A third straight decline in quarterly profits is expected by Samsung Electronics, which could actually turn into a fourth as a bigger share of the market is grabbed by cheaper models in a slowing market and Apple Inc. gets itself ready for the launch of iPhone 6. The woes of the company come at a very awkward time for the South Korean giant and have been further exacerbated because the won has risen against the dollar to a six year high. It is expected that the manufacturer of the Galaxy line of smartphones will announce on Tuesday that its earning saw a decline of 12.6% in the quarter that closed in June.
Since May, Lee Kun-hee, the patriarch of the group has been hospitalized after a heart attack and it is unclear as to who will succeed him. The map highlights his three children, which includes Jay. Y. Lee, apparent heir. According to some people, the heyday of the company is over. The South Korean conglomerate enjoyed abnormally high profits for the past three to four years and now its profits are simply declining to a normal level. Analysts have also said that the company’s latest flagship smartphone, the Galaxy S5 is selling quite well, but the sales aren’t that high to set off the reduced shipments of mid-tier and low-end devices.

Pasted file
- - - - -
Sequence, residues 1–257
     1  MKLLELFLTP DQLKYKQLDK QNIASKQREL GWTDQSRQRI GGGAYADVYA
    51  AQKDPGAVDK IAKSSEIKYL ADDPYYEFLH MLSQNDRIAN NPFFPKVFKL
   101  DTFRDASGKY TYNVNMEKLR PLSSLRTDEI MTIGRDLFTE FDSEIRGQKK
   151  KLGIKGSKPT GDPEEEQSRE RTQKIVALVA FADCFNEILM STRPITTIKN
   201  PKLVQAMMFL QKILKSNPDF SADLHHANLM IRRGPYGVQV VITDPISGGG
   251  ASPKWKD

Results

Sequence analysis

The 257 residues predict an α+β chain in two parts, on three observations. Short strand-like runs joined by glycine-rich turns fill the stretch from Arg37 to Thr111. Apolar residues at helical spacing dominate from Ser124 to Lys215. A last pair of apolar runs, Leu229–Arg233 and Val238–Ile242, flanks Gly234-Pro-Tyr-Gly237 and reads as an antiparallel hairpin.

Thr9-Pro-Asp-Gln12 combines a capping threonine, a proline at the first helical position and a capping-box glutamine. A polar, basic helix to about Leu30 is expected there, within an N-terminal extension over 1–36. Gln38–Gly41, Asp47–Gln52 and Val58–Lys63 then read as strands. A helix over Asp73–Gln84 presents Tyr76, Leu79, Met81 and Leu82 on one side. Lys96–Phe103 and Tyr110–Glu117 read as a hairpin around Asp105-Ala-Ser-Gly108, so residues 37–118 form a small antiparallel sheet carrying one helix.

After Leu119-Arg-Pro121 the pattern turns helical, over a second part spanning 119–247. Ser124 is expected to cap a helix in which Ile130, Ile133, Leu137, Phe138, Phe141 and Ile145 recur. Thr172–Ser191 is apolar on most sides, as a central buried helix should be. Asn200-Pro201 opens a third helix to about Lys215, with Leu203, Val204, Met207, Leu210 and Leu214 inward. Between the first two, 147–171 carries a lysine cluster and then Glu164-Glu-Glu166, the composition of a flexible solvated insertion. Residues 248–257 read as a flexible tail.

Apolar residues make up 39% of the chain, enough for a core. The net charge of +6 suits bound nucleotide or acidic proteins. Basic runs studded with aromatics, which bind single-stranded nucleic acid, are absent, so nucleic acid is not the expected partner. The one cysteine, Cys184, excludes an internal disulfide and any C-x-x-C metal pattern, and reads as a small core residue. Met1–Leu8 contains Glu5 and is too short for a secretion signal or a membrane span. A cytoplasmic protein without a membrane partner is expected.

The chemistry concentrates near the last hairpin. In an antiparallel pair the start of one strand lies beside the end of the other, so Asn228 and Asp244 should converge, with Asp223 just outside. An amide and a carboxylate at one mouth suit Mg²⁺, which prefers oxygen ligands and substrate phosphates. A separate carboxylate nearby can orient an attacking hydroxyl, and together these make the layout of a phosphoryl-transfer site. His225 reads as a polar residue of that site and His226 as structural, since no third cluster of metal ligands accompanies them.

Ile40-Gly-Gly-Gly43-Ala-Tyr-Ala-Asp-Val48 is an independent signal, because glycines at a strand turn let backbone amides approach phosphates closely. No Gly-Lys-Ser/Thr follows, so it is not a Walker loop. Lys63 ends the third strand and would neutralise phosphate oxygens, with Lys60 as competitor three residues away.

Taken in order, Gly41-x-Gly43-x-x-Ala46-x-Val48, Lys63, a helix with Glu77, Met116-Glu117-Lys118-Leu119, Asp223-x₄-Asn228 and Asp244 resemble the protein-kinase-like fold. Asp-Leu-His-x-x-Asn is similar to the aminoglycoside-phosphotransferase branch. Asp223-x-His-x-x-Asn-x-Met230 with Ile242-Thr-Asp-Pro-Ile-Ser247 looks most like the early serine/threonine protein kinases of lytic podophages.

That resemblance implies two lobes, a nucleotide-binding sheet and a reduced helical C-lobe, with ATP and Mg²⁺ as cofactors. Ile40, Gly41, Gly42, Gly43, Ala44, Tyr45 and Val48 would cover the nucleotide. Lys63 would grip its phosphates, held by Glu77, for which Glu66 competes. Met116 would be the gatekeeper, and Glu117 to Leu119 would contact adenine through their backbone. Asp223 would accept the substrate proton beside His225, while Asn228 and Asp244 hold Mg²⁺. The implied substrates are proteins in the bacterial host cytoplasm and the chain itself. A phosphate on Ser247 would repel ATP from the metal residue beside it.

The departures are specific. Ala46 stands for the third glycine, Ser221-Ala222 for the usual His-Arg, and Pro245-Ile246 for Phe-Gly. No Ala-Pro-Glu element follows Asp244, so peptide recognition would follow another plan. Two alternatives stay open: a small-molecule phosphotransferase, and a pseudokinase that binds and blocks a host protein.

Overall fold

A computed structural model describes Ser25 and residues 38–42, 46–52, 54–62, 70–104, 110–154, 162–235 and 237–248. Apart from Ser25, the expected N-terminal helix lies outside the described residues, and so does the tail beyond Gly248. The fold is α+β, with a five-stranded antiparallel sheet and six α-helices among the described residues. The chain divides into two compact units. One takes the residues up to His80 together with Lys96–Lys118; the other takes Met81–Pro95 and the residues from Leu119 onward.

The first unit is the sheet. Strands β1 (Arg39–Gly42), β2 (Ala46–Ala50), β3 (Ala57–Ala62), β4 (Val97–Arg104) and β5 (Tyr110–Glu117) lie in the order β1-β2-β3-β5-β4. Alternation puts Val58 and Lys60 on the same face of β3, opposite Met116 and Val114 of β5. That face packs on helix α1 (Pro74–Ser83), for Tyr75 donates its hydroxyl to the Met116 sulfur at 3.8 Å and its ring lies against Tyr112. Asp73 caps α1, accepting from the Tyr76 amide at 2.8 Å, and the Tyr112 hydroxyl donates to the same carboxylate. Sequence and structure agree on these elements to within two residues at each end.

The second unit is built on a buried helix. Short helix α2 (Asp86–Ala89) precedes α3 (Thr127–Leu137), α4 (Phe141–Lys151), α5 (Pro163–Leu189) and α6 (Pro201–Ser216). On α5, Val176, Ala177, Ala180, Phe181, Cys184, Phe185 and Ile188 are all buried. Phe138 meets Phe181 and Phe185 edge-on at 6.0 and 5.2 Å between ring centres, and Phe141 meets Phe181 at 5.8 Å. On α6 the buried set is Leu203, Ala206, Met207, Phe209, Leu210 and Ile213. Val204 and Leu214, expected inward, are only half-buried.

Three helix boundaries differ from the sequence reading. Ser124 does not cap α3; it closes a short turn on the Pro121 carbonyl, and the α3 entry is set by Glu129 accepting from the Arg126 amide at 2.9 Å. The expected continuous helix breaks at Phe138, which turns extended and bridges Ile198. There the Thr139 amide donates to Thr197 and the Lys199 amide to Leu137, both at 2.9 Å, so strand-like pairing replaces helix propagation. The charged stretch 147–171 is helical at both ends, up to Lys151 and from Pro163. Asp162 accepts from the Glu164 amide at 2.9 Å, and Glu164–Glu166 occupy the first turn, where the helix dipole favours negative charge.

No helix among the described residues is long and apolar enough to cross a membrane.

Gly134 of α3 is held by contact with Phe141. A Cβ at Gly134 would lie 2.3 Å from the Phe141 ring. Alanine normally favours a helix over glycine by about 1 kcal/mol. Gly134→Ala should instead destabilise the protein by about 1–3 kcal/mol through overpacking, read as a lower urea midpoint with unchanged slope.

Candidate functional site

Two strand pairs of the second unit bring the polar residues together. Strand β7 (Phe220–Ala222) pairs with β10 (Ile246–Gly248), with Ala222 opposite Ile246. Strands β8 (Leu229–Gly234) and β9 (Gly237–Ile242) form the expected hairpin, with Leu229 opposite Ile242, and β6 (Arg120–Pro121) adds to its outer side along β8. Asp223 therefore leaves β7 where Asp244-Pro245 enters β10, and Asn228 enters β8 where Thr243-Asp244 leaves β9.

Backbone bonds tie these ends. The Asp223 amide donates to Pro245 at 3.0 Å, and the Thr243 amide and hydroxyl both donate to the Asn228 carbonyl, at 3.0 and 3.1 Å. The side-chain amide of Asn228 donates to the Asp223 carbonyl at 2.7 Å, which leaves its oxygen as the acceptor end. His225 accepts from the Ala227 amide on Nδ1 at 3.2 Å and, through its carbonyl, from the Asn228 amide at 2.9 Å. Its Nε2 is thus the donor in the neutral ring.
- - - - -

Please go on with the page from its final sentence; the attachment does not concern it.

The next big launch of the company is of the Galaxy Note 4 that will be made later this year, but analysts don’t consider it as a game-changer. As far as the company’s foray into wearable devices is concerned, it is still in the early stages with the Galaxy Gear smartwatch and is expected to face tough competition from Apple Inc. This means that the smartphone leader is under considerable margin pressure and doesn’t have any new and clear growth driver for the immediate future. Experts have said that even the expected heir will not have a magic wand and the problem cannot be solved in a year or two.
The company has announced that it plans to increase the dividends and the details will be provided when the full results for the three month quarter that ended in June are outlined. This may be enough to placate the firm’s investors temporarily who have caused a reduction in its share by 5% this year. It has also been said by some analysts that the company could decide to buy back its shares, which would be a strategy of restructuring connected to the succession.
The primary problem for the company is that the handset business was its cash cow and is suffering from market saturation and the tough competition provided by Chinese firms such as Huawei Technologies and Lenovo Group. According to the data accumulated by research firm IDC, the worldwide smartphone shipment growth is expected to slow down this year from 32.9% last year to 19.3%. Moreover, there will also be a decline in average sale prices. Samsung’s market share is declining since the first quarter of this year as Chinese competitors are gaining.